Examples include Hertz and Avis (“We try harder”) Mercedes vs BMW and the UFC vs Bellator.
Therefore, Ledger would probably not risk their reputation or come across as petty if they didn’t believe users’ funds were legitimately at risk.
The Case Against Ledger
However, CryptoBriefing’s accusation leaves some serious questions as to Ledger’s sincerity, and whether this indeed was a hit job on a respected competitor.
It is also possible that the Wallet.Fail expose left a festering wound that Ledger feels needs treating. The demonstration basically lumped Ledger and Trezor together as non-secure hardware wallets, and this might be Ledger’s way of trying to separate themselves from Trezor and restore their reputation as security experts.
Finally, there’s also the sad matter of the crypto winter that has put the whole industry in a stranglehold since 2018. In an increasingly competitive market with diminishing returns and margins, it might be a case of Eat or Be Eaten.
The Case for Trezor
As the first cryptocurrency hardware wallet and with its founding members very respected in the crypto industry, Trezor, of course, has a right to be upset and to decrypt Ledger’s report as a personal attack full of venom, hypocrisy and virtue signaling.
Some of the vulnerabilities Ledger go over in their report are actually ones that Wallet.Fail exposed in Ledger products.
Moreover, Trezor was surprised that Ledger mentioned the Sudden Concluding Attack vulnerability, as apparently, Ledger asked Trezor to keep this a secret earlier.
This is apparently a security issue that possibly affects microchips used in many other industries and could scupper negotiations with ST, a microchip manufacturer.
The Case Against Trezor
While Trezor does have an excellent security team and firmware, their continuing disregard for physical attacks on their devices is worrisome
Their argument is a bit flippant when you consider that many users could be stowing away a big chunk of their life savings or investment portfolio on their Trezor. Any proven deterrent such as a secure element will do a lot to dispel hackers and stop them before they even start their attack.
Of course, remote attacks are a massive threat. But a secure element also helps to protects a hardware wallet against that by signing only valid transactions.
Trezor’s dismissal of Ledger’s findings is tantamount to Apple or Samsung suddenly saying that their phones won’t require any biometric or PIN to be unlocked, as any criminal could just coerce a user by force to give up their private information through violence.
The Verdict- Ledger Vs Trezor
With such a complex mixture of social responsibility, technical considerations and loyal users to digest, it’s safest to say that both parties are right and wrong on some counts. Let’s look at what we can take away from this public spat though.
Is Trezor vulnerable?
Both sides present a compelling argument, depending on which way you look at it.
Trezor focuses on remote attacks which they consider to be a more practical threat and appears to be safe as long as you keep physical control over this hardware device.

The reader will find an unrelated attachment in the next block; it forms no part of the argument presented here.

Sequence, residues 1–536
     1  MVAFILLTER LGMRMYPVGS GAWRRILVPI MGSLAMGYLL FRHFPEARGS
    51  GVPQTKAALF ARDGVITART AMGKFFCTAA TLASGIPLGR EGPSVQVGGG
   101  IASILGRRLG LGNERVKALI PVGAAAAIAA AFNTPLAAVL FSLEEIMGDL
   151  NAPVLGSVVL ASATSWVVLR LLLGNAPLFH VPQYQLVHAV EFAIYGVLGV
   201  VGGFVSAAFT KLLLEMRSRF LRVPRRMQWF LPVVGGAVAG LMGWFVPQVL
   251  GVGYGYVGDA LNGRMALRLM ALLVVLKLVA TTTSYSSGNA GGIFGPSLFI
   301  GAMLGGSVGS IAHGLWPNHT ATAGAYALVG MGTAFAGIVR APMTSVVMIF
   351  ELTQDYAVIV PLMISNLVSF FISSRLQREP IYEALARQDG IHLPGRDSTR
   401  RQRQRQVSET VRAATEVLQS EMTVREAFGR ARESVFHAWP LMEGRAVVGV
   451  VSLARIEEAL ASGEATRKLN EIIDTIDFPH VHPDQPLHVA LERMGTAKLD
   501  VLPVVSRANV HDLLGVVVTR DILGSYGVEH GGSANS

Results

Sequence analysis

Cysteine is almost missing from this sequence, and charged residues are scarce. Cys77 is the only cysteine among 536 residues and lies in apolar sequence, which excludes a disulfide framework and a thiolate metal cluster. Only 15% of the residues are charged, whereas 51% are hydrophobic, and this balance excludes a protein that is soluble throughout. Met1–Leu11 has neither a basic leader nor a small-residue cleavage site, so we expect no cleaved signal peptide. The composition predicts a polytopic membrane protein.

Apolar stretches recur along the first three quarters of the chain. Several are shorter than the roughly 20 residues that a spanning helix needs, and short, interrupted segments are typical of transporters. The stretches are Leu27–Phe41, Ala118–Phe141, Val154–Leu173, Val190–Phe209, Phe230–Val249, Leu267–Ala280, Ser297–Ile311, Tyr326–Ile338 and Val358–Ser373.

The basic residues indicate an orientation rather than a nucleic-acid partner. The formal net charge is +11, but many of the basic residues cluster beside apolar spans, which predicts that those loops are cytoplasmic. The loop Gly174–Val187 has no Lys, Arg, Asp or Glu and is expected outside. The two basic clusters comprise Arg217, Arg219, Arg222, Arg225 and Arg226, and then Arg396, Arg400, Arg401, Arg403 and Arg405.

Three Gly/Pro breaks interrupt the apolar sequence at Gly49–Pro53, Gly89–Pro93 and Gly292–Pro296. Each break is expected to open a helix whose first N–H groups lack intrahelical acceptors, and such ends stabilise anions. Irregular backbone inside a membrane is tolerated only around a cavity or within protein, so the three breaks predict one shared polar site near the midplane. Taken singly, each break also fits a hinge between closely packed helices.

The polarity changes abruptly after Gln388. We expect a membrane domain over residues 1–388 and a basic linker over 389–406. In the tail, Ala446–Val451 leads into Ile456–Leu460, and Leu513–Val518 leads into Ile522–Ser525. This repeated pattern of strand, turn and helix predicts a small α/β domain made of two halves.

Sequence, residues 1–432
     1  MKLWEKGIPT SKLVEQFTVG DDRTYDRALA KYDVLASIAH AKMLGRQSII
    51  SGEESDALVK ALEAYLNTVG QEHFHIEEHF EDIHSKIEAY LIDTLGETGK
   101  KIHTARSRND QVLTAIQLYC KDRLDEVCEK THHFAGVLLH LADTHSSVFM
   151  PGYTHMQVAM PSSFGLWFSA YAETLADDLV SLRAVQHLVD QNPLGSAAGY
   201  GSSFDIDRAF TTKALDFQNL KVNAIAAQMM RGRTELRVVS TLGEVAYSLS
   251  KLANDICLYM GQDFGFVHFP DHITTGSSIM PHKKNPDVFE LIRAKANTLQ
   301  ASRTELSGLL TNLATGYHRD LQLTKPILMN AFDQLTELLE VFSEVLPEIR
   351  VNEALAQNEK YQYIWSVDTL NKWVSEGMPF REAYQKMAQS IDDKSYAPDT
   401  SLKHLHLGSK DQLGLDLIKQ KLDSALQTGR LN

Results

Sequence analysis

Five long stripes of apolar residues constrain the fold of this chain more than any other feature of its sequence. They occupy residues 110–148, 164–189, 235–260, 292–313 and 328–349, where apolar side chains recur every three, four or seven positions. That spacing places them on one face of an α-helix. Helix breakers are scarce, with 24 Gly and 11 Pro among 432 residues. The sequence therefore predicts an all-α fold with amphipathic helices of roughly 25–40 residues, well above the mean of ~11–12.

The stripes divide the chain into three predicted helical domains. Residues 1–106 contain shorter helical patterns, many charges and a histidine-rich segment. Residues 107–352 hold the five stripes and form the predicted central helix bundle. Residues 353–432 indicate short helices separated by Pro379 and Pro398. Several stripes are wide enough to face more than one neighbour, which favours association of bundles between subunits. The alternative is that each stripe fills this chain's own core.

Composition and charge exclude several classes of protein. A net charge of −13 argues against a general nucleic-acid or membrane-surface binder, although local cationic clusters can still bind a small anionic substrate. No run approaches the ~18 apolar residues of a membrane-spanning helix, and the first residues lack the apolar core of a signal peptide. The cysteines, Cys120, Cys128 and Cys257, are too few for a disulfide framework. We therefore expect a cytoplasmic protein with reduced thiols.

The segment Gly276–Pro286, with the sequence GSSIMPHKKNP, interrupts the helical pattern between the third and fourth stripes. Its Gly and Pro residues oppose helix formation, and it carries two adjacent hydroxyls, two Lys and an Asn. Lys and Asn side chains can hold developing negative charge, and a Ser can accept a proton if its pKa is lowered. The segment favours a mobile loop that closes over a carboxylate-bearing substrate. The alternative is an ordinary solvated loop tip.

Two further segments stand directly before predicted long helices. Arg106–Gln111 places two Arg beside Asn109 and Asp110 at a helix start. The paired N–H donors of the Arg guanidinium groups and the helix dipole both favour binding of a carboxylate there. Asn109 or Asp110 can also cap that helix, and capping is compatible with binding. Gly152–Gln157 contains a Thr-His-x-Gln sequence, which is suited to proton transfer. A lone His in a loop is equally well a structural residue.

While any hardware wallet can be vulnerable under some conditions, CoolWallet considers it of paramount importance to make it any physical hacking attempt so difficult that hackers in most cases don’t even attempt it. Stick with exchanges guys, please.
Secure Element – Prevention is always better than cure
There is just no good reason why a sophisticated device such as a hardware wallet should not go the extra mile and feature a Secure Element.
As long as your seed phrase is safely backed up, a secure element is your best final line of defense. It ensures that your private key NEVER leaves your hardware wallet, even if your phone or software is compromised.
The CoolWallet S also requires 2+1 Factor Authentication, which includes biometric verification on the app as well as physical confirmation on our hardware wallet to ensure that users don’t make any mistakes when transacting.
Should crypto companies name and shame each other?
Yes. An unequivocal yes, when it’s justified, respectful and procedures are followed.
Too long have crypto companies avoided drawing negative attention to the industry and themselves by biting their lip when they see malicious actors or blatant flaws in competitor offerings.
As a result, the crypto industry has seen over a billion dollars stolen in 2018, and 2019’s no different.
In an industry where a CEO can die and take 250 million USD “with him” to the grave (as recently happened with Quadriga), we need more whistleblowers and observers who are willing to do the right thing in order to help clear the path to mass adoption.
By following Responsible Disclosure guidelines and giving the targeted company enough time to investigate your claims and fix any issues before you go public, you also help to mitigate the fallout that might come from such a disclosure.
Because by now we know:
A blockchain and cryptocurrency solution is ultimately only as strong as its biggest weakness.
Till next week crypto family!
Disclaimer: This is an opinion piece that does not officially reflect CoolBitX or CoolWallet’s viewpoint. CoolBitX does not endorse and is not responsible for or liable for any content, accuracy, quality, advertising, products or other materials on this page. Readers should do their own research before taking any actions. CoolBitX is not responsible, directly or indirectly, for any damage or loss caused or alleged to be caused by or in connection with the use of or reliance on any content, goods or services mentioned in the post.